Are You A Woman That's Struggling To Lose Weight? Here's What You Should Ask Your Internist
Are you a woman that's struggling to lose weight? Ideally, you probably want to see a nutritionist for help—but not everyone's health insurance is accommodating of that idea. Your internist or family physician may be able to help instead. Here are some things you can ask to start the conversation.
Could there be something wrong that's making it harder to lose weight?
Women can suffer from some surprisingly common ailments with symptoms so subtle that they often go ignored or get chalked up to "just part of being female." Unless you bring the symptoms to your doctor's attention, any of these conditions could be adding pounds to your frame (or keeping the ones that are there from coming off, despite your best efforts):
- An Underactive Thyroid: Your thyroid gland regulates your energy level and controls your metabolism. About 25 million people in the U.S. suffer from some form of thyroid problem, and women are about 12 times more likely to develop a problem than men. Symptoms of an underactive thyroid include things like dry skin, insomnia, bouts of diarrhea, increased sensitivity to cold, and unexplained weight loss.
- Polycystic Ovary Syndrome: This is a surprisingly common disorder, affecting about 1 out of every 10 women—and experts think that up to 50% of the women who have it aren't even aware of their condition. The condition is related to the production of egg follicles in the reproductive system and affects the amount of androgen produced in a woman's body. It leads to symptoms like skipped periods, acne, and weight gain, among other things.
- Cushing Syndrome: This is caused by too much cortisol exposure, either through natural processes or medication use, for things like asthma, arthritis, and lupus. It affects up to 15 million people each year. Women with the disorder tend to develop round "moon faces" and thin skin that bruises easily. Fatigue, muscle weakness, and upper-body weight gain are common.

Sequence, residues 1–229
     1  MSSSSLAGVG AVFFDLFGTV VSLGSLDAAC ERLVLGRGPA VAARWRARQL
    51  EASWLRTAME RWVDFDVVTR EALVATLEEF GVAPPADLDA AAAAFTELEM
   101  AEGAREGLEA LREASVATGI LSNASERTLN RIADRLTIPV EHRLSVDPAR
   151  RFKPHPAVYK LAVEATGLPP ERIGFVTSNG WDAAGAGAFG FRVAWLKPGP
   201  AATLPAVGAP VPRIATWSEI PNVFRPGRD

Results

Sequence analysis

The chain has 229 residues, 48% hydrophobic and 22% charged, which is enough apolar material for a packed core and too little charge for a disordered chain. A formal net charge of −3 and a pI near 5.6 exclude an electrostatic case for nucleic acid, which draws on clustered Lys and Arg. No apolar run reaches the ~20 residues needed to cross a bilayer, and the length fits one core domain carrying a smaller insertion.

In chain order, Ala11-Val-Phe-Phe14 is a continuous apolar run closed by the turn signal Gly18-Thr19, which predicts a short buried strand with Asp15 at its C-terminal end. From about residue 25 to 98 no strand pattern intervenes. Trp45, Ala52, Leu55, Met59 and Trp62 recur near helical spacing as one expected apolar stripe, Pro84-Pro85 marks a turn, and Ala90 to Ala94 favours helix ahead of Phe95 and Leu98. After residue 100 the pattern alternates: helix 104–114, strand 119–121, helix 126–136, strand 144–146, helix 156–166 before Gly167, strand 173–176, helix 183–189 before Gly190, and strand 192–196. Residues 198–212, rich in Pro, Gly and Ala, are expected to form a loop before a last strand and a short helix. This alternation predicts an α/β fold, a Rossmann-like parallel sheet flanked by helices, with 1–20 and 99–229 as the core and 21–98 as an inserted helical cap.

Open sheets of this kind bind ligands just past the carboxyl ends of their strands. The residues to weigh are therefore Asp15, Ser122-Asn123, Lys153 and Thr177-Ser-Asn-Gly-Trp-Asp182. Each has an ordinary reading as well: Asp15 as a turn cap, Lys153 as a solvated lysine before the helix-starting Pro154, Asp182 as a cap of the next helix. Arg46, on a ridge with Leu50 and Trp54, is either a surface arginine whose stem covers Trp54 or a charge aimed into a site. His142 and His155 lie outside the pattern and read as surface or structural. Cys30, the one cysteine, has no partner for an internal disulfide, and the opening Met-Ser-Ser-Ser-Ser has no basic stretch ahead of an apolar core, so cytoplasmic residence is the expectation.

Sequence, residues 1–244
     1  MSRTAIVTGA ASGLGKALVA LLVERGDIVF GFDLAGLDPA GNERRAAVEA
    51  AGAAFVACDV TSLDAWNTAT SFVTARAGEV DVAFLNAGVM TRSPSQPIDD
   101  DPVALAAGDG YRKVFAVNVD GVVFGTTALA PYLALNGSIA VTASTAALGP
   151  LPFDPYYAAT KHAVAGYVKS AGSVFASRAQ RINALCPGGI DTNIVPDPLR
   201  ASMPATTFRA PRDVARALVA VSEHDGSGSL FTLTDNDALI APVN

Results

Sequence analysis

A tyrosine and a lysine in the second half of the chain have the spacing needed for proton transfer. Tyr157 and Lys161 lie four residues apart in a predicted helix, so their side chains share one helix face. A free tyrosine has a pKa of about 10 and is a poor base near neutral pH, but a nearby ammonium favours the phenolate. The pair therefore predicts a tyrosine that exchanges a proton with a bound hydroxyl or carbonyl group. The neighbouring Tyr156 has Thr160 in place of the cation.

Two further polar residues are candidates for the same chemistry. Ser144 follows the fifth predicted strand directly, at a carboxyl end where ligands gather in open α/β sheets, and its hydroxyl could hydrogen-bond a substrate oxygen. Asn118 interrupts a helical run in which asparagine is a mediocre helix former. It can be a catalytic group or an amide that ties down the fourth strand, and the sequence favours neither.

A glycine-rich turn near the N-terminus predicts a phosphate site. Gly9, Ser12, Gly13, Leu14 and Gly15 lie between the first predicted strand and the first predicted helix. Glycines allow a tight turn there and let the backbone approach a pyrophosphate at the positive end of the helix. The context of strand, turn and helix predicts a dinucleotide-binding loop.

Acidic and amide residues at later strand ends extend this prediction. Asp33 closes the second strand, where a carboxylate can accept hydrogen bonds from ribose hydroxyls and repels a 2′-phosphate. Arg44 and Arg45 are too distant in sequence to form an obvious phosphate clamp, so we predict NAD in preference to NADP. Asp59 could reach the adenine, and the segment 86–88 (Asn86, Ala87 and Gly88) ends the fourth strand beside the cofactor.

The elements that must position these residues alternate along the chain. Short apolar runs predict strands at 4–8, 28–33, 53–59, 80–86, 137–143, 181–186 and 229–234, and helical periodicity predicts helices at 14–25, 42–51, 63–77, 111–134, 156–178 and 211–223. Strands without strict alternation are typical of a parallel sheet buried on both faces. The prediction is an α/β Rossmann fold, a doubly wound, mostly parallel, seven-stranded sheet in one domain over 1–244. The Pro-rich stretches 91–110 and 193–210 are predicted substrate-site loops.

Your doctor can run some tests that will check your hormone levels, thyroid levels, and muscle strength. If it turns out that a underlying condition (like one of these or some other disorder) is causing your weight gain, treating the underlying problem is the first step of the process.
Could a medication be causing the weight gain?
There are a lot of medications that have the unintended side-effect of causing weight gain, but you may not realize that is the problem—especially if the weight gain has been slow and you're on more than one prescription. Birth control medication is notorious for causing weight gain, but so are drugs like anti-depressants and drugs like Depakote, which is an anti-seizure drug that's also used to treat migraines and bipolar disorder.
Go over your prescription list with your internist and discuss the possibility that any of them are adding to your weight loss problems. If they are, see if your internist can prescribe something that will perform the same function without causing you to gain weight. If not, your internist may be able to suggest a few ways to counteract the problem.
Would a weight-loss medication help me?
There are several new drugs, all approved by the FDA between 2012-2014, that can help people lose weight when used in combination with diet and exercise. Belviq and Qsymia were approved first, followed by Contrave and Saxenda. They all target the parts of the brain that control your appetite and sense of satiety. If you have problems dealing with hunger and feel overwhelmed with temptation near food, one of these drugs may help.
Many physicians will hesitate to address weight-loss concerns unless there are other health issues involved, like diabetes. They're cognizant of the fact that many people try their best to control their weight and it can be a sensitive issue. If you're ready to discuss the problem with a physician, such as Harvey Harold E II MD PLLC, don't hesitate to bring up the subject yourself.